The "year of the woman" is officially here. Tuesday night's primaries ushered in a record number of women nominees to the midterm elections, meaning that both Congress and governorships across the nation could be a lot more female next year. That, in turn, has implications for how these chambers of government could shift politically and culturally in the near future.
The historic nature of the evening was ensured before it began. According to the Center for American Women and Politics (CAWP), the previous record for women nominated for seats in the House of Representatives was 167. Topping that was a given on the Tuesday, Aug. 7, primary date, with 162 women already nominated, one race that featured only women, and five women running unopposed. But far more female candidates than that ended up winning — at least 20, according to CAWP — bringing the total number of female House nominees to at least 182. Three races that could result in additional women nominees were too close to call as of Wednesday morning.
It was also historic on the gubernatorial level. According to CAWP, the prior record for female nominees for governor has topped out at 10 (first achieved in 1994). As of Tuesday night, 11 women have been nominated this year.
One particularly consequential nominee was Rashida Tlaib, who will likely be the United States' first Muslim congresswoman after winning her primary in Michigan. Tlaib, the child of Palestinian immigrants, made history in 2008 when she became the first Muslim woman to join Michigan's state legislature. Without a Republican challenger, she is now poised to sail through the November elections and into the U.S. Congress.
It was actually an even bigger night for female candidates in Michigan. The state's Democratic Party now has entirely women running on its ballot statewide, according to HuffPost, including its candidates for attorney general and secretary of state. Gretchen Whitmer won a high-profile race against Abdul El-Sayed for its gubernatorial nomination. Victories also came for women in the Kansas and Missouri primaries.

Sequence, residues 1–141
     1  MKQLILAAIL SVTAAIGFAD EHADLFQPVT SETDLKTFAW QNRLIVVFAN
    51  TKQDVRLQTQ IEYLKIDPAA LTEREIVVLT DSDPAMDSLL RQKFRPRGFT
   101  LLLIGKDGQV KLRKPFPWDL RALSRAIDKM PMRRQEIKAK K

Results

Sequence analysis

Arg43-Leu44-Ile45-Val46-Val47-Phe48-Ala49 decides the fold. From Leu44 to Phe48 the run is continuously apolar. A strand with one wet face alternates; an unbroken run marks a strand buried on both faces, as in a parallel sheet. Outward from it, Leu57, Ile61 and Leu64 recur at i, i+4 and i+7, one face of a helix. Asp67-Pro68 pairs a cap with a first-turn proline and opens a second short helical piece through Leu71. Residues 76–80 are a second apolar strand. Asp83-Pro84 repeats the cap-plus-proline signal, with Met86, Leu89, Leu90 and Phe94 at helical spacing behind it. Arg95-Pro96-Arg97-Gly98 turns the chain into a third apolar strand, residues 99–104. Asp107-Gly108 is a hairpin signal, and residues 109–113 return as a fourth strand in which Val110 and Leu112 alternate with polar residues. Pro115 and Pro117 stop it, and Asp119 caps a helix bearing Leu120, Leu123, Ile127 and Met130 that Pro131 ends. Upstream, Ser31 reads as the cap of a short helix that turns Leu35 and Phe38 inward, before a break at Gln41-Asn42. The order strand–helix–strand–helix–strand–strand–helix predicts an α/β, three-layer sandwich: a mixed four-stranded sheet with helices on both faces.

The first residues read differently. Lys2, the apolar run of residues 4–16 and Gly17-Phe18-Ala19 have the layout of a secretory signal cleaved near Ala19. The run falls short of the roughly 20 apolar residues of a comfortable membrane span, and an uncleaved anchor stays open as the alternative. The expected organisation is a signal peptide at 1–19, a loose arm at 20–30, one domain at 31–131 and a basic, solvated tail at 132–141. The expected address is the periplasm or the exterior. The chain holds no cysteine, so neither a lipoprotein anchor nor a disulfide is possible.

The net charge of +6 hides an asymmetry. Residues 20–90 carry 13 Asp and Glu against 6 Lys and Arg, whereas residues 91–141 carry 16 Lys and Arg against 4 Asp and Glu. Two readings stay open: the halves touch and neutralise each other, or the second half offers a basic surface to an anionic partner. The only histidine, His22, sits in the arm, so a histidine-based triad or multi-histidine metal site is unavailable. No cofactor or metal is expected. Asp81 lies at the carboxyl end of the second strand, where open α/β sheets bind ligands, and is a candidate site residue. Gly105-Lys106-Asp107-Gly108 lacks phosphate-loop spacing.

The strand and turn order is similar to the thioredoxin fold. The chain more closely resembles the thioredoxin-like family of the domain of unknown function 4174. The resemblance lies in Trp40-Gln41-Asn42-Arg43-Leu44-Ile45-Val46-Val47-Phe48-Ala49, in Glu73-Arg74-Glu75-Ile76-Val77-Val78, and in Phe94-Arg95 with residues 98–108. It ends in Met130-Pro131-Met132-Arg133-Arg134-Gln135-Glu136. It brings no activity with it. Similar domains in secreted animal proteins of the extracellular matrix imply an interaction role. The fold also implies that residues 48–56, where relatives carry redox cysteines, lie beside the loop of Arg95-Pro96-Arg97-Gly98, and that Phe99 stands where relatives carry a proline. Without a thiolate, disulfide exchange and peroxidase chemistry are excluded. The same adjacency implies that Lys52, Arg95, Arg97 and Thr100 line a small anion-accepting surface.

Increasing the number of women in government doesn't just make U.S. leadership more representative of its constituents. It also means a more productive government, because female politicians tend to pass more laws, according to Vox. And of course, it means that the discussion around issues that primarily affect women — like funding for Planned Parenthood — could shift and get more attention.
"Women in Congress are just more likely to prioritize issues that have a direct connection to women — violence against women, family leave policy, those kind of things," Michele Swers, a political science professor at Georgetown, told Vox.
In the end, it's partially a numbers game, but also much more. "The story of this election is not just the number of women candidates running," said Stephanie Schriock, president of EMILY's List, a group that tries to elect more pro-choice Democratic women, to HuffPost, "it's the strength of those women, their stories and the experiences they will bring into office."